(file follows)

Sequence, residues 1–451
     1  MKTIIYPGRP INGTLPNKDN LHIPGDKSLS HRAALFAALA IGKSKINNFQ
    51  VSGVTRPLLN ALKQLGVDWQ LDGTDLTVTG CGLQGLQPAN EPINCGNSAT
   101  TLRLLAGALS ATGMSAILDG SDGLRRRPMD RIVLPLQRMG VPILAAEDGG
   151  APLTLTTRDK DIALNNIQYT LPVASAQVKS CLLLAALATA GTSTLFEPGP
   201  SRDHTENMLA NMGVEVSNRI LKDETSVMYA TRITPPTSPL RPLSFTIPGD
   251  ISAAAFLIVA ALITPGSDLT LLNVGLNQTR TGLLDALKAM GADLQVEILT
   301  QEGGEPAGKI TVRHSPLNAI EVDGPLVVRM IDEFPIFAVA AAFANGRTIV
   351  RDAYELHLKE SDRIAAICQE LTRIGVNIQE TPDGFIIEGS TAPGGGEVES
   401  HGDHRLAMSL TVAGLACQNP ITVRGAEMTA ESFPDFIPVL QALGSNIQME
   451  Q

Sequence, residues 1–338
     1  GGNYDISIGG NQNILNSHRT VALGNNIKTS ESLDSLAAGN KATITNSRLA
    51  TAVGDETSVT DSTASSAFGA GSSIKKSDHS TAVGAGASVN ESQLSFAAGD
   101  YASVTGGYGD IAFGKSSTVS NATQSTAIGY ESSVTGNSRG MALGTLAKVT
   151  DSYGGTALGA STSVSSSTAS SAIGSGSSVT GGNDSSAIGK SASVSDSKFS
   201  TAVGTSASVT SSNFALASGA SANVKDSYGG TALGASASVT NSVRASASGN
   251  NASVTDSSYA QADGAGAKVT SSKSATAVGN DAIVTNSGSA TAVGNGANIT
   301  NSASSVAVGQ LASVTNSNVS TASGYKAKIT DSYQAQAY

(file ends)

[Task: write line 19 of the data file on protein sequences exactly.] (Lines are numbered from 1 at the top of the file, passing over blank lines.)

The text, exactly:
   301  NSASSVAVGQ LASVTNSNVS TASGYKAKIT DSYQAQAY